ii. By this mode of remuneration, his interest would be placed in a state of irreconcilable opposition to his duty: and (as will be seen) the very design of the institution frustrated.
iii. Of such opposition, in the situation in question, as well as every other, so long as man is man, sacrifice of public duty to personal and other particular interests, as far as may be with safety, is that which, at the hands of the vast majority of persons invested with political power, is, on each occasion, the most probable result, and that on the expectation of which all arrangements should accordingly be grounded.
iv. Under the name of a fee, or any other name, to authorize a Judge to receive money, money’s worth, or benefit in any shape, on the occasion of any sort of operation performed by him, or written instrument authorized by him, is, in other words, to give him a premium, or say a bounty, on the production of expense:—a bounty, the amount of which increases with the number of those same operations performed, and those same instruments so produced by him.
v. So, to give him a fee, or other benefit proportioned to the length of any such written instrument, is—to give him a bounty on the length of every such written instrument so produced by him; and thus also a bounty upon the expense.
vi. By these arrangements, it is rendered his interest to swell to the utmost the expense of every suit to the suitor. By this interest is supplied the adequate motive; by his office, and by the power belonging to it, the adequate means; and be the effect what it may, wherever motive and means, both adequate, unite in the same person, the effect follows of course.
vii. The act of employing, in the exaction of money, or money’s worth, to an undue amount, to the power-holder’s own use, the power derived from an office, is professed to be dealt with as a crime; it is termed extortion; and is taken for the subject-matter of an inhibition, or say prohibition, backed by punishment; authorizing a Judge thus to extract it—and to permit is to authorize—is therefore to authorize extortion; to authorize that which at the same time is professed to be constituted a crime. Here, then, against inhibition on the one hand, is express permission, and thereby encouragement, on the other. Unhappily, the inhibition is, in this case, but nominal, inoperative, ineffective, illusory, falsely pretended, hypocritical: the permission—the encouragement—the inducement—is efficient, effective, and effectual.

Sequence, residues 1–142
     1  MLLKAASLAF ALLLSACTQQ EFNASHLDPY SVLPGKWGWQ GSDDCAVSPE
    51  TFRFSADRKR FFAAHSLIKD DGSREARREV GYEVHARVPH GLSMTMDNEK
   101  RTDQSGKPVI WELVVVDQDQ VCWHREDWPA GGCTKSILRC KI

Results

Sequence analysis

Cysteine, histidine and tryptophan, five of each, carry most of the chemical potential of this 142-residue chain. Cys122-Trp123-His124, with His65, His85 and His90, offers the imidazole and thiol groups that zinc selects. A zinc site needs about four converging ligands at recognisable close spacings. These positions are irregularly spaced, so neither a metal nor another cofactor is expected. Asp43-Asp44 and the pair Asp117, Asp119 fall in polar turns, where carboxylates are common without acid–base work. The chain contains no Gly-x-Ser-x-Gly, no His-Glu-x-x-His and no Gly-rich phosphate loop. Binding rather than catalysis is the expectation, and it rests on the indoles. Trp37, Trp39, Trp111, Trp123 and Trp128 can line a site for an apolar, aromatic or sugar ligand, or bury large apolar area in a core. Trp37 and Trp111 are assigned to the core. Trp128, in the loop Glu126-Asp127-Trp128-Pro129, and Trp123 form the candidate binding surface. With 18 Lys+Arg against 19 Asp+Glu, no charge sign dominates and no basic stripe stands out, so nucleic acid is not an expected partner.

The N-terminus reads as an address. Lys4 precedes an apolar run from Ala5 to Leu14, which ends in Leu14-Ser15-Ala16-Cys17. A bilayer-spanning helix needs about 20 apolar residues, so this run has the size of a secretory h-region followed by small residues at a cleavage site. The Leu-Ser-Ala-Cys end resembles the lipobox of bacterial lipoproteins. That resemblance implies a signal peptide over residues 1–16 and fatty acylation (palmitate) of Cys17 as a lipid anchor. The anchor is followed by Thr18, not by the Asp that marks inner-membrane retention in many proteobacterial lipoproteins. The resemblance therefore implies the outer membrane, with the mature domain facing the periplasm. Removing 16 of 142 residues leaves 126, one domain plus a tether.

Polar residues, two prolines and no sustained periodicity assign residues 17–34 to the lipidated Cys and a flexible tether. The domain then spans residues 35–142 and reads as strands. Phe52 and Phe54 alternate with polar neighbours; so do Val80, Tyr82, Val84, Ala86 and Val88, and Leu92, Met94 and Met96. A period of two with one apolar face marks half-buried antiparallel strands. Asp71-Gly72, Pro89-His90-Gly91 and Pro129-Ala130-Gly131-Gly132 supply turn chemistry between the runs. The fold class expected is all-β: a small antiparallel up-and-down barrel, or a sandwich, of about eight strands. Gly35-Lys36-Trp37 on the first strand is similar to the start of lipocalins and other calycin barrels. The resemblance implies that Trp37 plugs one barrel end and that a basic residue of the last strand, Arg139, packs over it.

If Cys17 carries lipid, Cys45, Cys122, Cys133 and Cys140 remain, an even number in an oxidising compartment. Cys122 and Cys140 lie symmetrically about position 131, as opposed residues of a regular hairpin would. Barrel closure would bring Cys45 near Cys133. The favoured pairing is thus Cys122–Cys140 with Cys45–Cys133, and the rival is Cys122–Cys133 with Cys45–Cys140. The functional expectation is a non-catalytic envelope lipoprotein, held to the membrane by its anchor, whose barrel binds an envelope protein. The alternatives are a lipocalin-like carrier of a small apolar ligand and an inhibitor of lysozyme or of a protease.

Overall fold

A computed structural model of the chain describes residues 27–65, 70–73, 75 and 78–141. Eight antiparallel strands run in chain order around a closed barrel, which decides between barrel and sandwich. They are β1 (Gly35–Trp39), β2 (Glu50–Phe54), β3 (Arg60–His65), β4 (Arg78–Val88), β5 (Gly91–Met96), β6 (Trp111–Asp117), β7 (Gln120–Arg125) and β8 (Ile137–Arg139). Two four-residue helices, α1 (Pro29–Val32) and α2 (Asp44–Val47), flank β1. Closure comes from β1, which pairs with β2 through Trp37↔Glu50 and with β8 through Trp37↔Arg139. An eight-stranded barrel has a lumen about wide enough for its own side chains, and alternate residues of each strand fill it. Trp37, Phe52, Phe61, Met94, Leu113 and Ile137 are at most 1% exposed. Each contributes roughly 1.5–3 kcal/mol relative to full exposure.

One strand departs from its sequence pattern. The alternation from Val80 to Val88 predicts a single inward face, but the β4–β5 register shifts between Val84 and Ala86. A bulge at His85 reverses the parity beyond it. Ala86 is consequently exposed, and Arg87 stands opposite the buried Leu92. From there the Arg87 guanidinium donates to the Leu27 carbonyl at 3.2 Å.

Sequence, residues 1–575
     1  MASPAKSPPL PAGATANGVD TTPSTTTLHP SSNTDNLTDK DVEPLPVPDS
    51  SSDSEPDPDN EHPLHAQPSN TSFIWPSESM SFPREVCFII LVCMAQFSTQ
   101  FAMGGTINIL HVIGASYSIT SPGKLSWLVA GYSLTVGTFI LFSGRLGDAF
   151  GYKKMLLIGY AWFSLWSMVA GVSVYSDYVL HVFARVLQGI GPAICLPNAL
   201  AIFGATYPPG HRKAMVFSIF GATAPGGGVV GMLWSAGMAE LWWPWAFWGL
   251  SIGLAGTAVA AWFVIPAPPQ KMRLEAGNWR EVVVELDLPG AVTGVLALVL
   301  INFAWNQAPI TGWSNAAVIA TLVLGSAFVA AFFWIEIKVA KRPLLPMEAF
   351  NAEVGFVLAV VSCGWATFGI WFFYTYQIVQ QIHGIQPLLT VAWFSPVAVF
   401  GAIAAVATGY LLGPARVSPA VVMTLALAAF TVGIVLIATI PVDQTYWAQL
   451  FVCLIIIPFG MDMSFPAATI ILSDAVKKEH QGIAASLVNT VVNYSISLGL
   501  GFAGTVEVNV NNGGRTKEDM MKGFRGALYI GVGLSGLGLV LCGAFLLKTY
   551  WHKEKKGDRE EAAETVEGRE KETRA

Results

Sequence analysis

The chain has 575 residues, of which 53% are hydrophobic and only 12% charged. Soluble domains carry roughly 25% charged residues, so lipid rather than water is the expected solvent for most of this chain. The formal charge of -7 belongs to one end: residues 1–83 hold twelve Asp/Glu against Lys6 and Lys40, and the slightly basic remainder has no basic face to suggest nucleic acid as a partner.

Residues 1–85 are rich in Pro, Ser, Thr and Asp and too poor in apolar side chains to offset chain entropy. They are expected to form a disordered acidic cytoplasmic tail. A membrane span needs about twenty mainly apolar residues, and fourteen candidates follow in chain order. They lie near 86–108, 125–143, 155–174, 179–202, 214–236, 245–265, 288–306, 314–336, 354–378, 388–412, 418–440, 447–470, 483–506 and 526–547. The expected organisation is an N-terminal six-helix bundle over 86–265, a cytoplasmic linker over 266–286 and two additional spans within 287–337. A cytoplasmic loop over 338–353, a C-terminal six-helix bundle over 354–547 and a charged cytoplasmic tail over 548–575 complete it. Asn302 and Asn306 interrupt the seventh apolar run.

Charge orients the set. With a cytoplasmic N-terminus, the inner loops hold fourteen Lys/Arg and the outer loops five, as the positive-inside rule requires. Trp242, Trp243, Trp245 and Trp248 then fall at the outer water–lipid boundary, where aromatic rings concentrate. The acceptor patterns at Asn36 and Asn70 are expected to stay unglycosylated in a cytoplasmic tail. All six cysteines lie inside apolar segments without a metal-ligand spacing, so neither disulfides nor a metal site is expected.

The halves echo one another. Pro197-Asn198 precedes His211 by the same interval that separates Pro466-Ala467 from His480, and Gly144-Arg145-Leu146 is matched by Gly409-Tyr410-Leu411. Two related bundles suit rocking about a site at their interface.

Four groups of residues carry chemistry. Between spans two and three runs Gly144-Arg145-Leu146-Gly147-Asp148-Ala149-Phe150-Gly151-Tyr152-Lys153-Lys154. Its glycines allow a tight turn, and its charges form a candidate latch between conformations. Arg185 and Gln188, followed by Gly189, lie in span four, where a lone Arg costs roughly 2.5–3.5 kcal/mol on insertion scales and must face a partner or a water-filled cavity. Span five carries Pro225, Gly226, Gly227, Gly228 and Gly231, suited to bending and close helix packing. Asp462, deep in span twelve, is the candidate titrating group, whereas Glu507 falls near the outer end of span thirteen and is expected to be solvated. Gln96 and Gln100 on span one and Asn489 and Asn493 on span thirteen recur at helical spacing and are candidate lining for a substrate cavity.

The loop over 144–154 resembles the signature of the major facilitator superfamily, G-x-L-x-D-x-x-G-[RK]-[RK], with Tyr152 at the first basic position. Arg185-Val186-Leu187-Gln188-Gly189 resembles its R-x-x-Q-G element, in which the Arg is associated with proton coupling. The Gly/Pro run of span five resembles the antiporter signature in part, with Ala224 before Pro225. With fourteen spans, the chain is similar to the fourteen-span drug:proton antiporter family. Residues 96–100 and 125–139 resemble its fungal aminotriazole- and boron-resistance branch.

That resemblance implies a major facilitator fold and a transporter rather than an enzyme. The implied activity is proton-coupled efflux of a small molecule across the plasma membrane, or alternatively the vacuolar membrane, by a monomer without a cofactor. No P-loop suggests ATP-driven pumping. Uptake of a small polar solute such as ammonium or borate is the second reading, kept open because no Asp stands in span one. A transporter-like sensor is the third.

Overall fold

viii. A bounty on extortion operates as a penalty on abstinence from extortion; for, a bounty on any positive act operates as a penalty on the correspondent and opposite negative act. So much for the factitious expense.
ix. By the same means by which such needless expense is produced, needless delay is moreover produced. For, to the number of judicial operations increase cannot be given without increase given to the time allotted for the performance of them: and over and above the time necessary for the letting in the known and constantly accruing sources of delay, accident will, in proportion, add to the length of such time, by giving birth to incidental, and ulterior, efficient and effective causes of that same grievance.
x. Moreover, with the length of every such written instrument, increases the length of the delay producible and produced in respect of the framing it, examining it, and making answer to it.